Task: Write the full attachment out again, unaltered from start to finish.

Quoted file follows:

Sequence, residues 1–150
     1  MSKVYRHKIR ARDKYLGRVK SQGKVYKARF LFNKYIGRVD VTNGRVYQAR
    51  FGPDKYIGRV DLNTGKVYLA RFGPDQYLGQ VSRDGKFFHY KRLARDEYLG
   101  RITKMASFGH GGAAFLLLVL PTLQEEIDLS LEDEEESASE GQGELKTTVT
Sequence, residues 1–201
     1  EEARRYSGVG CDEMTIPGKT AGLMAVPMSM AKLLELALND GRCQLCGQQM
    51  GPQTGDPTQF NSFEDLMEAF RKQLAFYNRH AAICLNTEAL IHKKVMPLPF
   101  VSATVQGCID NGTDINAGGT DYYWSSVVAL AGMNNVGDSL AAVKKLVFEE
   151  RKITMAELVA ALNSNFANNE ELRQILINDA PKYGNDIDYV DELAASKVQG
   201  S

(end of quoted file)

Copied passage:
Sequence, residues 1–150
     1  MSKVYRHKIR ARDKYLGRVK SQGKVYKARF LFNKYIGRVD VTNGRVYQAR
    51  FGPDKYIGRV DLNTGKVYLA RFGPDQYLGQ VSRDGKFFHY KRLARDEYLG
   101  RITKMASFGH GGAAFLLLVL PTLQEEIDLS LEDEEESASE GQGELKTTVT
Sequence, residues 1–201
     1  EEARRYSGVG CDEMTIPGKT AGLMAVPMSM AKLLELALND GRCQLCGQQM
    51  GPQTGDPTQF NSFEDLMEAF RKQLAFYNRH AAICLNTEAL IHKKVMPLPF
   101  VSATVQGCID NGTDINAGGT DYYWSSVVAL AGMNNVGDSL AAVKKLVFEE
   151  RKITMAELVA ALNSNFANNE ELRQILINDA PKYGNDIDYV DELAASKVQG
   201  S